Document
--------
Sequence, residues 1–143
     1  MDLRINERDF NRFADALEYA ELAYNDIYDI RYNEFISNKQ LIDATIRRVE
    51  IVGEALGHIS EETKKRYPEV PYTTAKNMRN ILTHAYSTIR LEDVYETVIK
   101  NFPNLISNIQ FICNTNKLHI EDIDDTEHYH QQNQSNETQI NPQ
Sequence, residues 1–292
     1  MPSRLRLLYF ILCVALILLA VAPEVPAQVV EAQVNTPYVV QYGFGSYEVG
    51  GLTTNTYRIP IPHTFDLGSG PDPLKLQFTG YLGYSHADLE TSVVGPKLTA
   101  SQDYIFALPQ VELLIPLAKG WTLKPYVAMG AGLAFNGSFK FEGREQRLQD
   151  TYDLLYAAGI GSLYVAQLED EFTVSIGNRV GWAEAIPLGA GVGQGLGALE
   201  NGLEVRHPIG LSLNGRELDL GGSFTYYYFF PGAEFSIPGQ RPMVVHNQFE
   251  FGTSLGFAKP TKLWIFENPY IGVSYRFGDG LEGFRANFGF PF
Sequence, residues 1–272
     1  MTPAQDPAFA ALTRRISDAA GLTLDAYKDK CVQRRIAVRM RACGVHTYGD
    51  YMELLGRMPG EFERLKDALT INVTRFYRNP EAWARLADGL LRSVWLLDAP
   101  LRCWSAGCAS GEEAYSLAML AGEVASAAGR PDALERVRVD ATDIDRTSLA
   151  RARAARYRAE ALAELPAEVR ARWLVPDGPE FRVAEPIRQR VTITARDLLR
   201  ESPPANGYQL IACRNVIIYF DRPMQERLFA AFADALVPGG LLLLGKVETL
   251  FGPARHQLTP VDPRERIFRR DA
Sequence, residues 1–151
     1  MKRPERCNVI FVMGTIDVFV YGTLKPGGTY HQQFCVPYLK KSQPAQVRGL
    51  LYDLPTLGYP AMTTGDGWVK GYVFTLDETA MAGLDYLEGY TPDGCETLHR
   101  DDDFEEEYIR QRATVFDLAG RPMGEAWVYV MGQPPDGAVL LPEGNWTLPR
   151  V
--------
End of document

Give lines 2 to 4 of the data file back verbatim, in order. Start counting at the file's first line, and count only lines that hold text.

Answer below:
     1  MDLRINERDF NRFADALEYA ELAYNDIYDI RYNEFISNKQ LIDATIRRVE
    51  IVGEALGHIS EETKKRYPEV PYTTAKNMRN ILTHAYSTIR LEDVYETVIK
   101  NFPNLISNIQ FICNTNKLHI EDIDDTEHYH QQNQSNETQI NPQ